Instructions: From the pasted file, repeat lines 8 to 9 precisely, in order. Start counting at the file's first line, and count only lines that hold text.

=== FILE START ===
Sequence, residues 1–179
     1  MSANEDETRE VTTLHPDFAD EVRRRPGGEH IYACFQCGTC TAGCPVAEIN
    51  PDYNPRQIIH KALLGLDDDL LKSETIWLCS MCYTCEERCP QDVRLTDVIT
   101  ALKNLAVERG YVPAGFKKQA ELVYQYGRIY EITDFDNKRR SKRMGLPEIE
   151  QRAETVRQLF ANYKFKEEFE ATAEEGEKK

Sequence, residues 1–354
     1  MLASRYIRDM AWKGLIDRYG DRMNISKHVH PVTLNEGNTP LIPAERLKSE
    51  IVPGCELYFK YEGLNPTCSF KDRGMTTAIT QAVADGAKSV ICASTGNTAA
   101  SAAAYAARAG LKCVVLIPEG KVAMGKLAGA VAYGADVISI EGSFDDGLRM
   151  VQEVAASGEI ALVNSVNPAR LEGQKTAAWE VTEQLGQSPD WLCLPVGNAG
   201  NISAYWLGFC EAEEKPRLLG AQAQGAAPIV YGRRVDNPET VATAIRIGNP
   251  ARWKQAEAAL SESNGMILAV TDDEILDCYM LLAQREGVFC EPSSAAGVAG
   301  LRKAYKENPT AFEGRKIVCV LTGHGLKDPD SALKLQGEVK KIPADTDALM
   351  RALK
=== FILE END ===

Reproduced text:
    51  IVPGCELYFK YEGLNPTCSF KDRGMTTAIT QAVADGAKSV ICASTGNTAA
   101  SAAAYAARAG LKCVVLIPEG KVAMGKLAGA VAYGADVISI EGSFDDGLRM